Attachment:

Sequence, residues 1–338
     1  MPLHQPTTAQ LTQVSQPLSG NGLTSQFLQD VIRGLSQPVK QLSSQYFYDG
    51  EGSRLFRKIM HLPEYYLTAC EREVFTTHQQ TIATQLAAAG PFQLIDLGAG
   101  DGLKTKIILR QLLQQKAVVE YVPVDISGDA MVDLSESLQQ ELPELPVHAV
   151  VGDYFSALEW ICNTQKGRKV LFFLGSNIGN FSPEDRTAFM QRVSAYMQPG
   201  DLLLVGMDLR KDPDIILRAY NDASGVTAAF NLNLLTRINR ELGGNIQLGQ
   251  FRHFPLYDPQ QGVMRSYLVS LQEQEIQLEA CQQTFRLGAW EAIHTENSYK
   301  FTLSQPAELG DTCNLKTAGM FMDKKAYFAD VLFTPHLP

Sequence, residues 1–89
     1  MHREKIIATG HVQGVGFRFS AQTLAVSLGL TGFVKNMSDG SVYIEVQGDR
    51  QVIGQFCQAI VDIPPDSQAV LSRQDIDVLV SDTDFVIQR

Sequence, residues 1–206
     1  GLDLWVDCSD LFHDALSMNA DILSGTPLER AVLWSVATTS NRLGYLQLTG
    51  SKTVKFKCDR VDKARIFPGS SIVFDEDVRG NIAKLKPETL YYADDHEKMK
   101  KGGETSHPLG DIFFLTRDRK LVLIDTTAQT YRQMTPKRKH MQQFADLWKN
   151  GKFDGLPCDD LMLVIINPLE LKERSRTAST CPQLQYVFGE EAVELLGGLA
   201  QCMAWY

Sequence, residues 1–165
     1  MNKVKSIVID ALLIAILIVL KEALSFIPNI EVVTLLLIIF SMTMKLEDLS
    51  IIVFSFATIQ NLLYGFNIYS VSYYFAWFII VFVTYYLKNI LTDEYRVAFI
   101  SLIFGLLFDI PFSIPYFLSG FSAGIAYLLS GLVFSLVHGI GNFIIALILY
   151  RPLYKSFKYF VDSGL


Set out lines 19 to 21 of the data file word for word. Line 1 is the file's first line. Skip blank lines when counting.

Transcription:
     1  MNKVKSIVID ALLIAILIVL KEALSFIPNI EVVTLLLIIF SMTMKLEDLS
    51  IIVFSFATIQ NLLYGFNIYS VSYYFAWFII VFVTYYLKNI LTDEYRVAFI
   101  SLIFGLLFDI PFSIPYFLSG FSAGIAYLLS GLVFSLVHGI GNFIIALILY